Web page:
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Epidemiology poster session 4: Modelling
P1-S4.25 Using mathematical models to understand the causes of the ecological association seen between HIV and HSV-2 in female sex workers in Southern India
  1. K Mitchell1,
  2. P Vickerman1,
  3. M Pickles2,
  4. M Kaushik2,
  5. S Verma3,
  6. S Isac3,
  7. R Adhikary4,
  8. M Mainkar5,
  9. M Alary6,
  10. M C Boily2
  1. 1London School of Hygiene and Tropical Medicine, London, UK
  2. 2Imperial College London, London, UK
  3. 3Karnataka Health Promotion Trust, Bangalore, India
  4. 4Family Health International, New Delhi, India
  5. 5National AIDS Research Institute, Pune, India
  6. 6Centre Hospitalier Affilié Universitaire de Québec, Québec, Canada

Abstract

Background Cross-sectional surveys of female sex workers (FSW) in multiple districts in Southern India show a strong ecological association between HIV and HSV-2 prevalence. Modelling was used to determine if this association is primarily due to shared behavioural risk factors (such as partner change rate) or if biological interactions between the two viruses also play a major role.

Methods Linear regression was used to find significant predictors of FSW HIV prevalence in 17 districts in Southern India (using data from Avahan, the India AIDS Initiative). Explanatory variables investigated included prevalence of different STIs in FSW and clients, mean duration of being an FSW or client, and mean reported number of clients per FSW or FSW visited per client. A deterministic HIV/HSV-2 transmission model without behavioural heterogeneity or transmission co-factors was parameterised using district-specific FSW and client behavioural data and fitted to HIV and HSV-2 prevalence data for each district by varying the per partnership HIV and HSV-2 transmission probabilities. The model was firstly fit to all districts simultaneously assuming a constant HIV and HSV-2 transmission probability to see whether district-level variations in behaviour were sufficient to explain the trends seen, and then fit separately for each district to test for trends in the estimated transmission parameters in different settings.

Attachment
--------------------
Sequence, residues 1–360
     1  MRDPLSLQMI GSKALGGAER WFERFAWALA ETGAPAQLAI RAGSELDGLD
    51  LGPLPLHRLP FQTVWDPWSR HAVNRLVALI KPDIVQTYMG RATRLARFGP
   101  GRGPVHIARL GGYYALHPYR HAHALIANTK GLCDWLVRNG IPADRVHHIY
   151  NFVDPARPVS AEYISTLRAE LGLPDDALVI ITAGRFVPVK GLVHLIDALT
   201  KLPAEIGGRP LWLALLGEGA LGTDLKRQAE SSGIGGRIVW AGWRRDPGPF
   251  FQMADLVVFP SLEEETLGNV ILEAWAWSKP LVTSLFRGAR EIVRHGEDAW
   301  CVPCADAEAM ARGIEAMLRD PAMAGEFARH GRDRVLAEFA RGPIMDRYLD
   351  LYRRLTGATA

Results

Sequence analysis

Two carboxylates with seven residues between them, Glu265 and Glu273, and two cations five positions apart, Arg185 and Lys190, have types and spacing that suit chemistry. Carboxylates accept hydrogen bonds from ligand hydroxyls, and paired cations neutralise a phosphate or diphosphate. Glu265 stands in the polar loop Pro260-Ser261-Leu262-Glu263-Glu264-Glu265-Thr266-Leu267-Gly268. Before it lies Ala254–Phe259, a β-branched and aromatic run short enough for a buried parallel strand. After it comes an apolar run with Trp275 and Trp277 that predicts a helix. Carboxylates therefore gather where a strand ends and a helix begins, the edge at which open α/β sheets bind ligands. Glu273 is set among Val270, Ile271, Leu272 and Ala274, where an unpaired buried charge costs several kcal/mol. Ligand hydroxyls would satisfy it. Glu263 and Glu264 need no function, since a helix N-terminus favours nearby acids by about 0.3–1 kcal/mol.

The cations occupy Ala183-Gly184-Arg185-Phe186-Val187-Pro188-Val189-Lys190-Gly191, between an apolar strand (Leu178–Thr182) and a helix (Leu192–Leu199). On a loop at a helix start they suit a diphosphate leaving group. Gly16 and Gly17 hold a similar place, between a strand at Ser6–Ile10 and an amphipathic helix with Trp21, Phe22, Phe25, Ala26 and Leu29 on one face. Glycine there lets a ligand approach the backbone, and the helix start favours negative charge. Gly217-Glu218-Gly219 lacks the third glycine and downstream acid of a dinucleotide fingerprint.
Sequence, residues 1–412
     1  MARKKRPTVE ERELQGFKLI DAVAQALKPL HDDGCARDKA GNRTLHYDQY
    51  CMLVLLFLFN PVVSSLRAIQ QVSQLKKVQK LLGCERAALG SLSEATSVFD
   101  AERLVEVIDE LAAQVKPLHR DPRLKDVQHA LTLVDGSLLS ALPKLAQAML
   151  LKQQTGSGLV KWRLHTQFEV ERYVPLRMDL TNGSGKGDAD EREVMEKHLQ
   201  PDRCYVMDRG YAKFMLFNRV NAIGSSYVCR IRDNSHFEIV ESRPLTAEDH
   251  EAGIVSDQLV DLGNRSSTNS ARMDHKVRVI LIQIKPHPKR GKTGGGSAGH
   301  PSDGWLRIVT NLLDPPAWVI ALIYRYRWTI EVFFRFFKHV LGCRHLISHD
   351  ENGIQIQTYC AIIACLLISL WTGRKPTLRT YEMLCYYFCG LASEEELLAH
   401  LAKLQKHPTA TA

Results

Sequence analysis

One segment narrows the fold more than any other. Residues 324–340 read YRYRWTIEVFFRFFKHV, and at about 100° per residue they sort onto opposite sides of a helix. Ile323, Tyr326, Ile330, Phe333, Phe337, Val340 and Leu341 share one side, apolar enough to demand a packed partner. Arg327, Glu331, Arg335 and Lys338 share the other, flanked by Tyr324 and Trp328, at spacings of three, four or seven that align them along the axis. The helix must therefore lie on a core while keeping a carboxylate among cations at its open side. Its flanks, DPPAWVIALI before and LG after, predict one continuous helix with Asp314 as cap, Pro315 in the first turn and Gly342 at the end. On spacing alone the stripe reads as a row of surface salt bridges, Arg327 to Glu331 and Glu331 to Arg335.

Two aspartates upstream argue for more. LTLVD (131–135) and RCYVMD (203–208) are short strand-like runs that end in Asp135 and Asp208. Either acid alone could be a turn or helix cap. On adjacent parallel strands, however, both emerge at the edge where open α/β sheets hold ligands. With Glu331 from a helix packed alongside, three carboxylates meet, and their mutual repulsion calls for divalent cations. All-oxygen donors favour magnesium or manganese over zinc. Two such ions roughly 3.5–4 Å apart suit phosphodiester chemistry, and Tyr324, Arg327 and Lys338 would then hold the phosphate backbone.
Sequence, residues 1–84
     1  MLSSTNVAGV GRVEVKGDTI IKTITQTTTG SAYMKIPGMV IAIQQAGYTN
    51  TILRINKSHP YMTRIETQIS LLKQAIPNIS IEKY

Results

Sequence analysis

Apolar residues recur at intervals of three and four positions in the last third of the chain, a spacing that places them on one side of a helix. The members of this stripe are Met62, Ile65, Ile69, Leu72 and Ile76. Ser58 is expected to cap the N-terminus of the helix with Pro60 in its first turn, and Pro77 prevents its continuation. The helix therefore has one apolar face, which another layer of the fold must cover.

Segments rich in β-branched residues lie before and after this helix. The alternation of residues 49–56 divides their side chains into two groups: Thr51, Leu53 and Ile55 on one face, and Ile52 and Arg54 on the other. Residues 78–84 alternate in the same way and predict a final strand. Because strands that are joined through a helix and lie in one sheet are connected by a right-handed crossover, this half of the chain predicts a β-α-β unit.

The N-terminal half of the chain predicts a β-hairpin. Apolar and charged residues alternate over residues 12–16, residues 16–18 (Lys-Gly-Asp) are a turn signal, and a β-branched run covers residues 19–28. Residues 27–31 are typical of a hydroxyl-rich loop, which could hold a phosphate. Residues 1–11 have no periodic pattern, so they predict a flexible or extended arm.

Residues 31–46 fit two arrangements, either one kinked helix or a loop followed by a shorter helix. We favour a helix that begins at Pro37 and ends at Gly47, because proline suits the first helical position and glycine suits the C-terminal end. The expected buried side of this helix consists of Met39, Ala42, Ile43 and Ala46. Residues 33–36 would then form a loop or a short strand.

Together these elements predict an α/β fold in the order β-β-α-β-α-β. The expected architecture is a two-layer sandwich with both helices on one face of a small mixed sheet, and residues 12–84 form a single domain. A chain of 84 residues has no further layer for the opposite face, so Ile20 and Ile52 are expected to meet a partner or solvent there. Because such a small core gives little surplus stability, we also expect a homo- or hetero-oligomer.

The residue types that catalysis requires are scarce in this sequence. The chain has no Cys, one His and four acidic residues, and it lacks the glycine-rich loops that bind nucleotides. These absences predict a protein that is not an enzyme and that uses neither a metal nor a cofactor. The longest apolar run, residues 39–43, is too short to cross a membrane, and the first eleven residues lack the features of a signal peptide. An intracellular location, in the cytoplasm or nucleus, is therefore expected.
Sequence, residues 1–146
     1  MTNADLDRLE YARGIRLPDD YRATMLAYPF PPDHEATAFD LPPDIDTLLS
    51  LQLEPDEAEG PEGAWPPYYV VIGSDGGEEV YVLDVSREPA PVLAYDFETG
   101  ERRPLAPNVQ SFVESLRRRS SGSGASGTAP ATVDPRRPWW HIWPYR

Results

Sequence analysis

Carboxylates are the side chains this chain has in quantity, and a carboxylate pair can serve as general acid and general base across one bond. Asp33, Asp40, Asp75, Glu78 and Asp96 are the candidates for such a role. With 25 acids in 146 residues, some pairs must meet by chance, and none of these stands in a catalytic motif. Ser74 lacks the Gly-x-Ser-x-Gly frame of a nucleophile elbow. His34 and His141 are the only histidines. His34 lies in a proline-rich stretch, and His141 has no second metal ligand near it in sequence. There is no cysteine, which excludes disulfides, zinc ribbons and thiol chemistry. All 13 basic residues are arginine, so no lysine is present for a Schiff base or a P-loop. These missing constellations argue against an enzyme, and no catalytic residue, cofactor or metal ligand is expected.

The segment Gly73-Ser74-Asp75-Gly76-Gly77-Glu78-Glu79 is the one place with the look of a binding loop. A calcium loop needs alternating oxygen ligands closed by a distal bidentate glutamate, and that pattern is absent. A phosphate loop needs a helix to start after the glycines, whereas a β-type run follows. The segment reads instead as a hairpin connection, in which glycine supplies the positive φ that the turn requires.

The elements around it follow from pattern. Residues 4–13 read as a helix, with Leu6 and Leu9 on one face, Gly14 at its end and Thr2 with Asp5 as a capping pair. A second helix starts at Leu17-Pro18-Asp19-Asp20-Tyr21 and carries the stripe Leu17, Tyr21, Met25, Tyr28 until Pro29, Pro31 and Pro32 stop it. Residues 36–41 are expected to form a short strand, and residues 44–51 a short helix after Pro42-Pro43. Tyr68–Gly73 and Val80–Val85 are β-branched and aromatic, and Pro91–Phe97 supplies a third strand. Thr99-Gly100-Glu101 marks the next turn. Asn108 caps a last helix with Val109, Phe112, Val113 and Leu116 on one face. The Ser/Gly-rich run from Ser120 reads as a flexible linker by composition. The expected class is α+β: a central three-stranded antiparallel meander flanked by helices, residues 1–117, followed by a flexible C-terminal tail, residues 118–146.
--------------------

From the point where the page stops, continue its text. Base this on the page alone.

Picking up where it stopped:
Results FSW HSV-2, syphilis, gonorrhoea and chlamydia prevalence, client HIV prevalence and mean number of clients per FSW per week were all correlated with FSW HIV prevalence, but only FSW HSV-2 prevalence remained a significant predictor in multivariate analysis. The dynamic model reproduced the HIV/HSV-2 association when simultaneously fit to all districts, but was a poor fit to data (Abstract P1-S4.25 figure 1). When individual transmission probabilities were fit for each district positive correlations were seen between the HSV-2 transmission probability and both the HIV transmission probability and HSV-2 prevalence, but not between the HIV transmission probability and HSV-2 prevalence or vice versa.

Abstract P1-S4.25 Figure 1

FSW.

Conclusion These results suggest that differences in mean reported partner change rate or duration of commercial sex are not sufficient to explain the association between HIV and HSV-2 prevalence in FSW in Southern India. However, initial analyses do not show clear evidence for a biological interaction. More detailed models will be used to further investigate the association.

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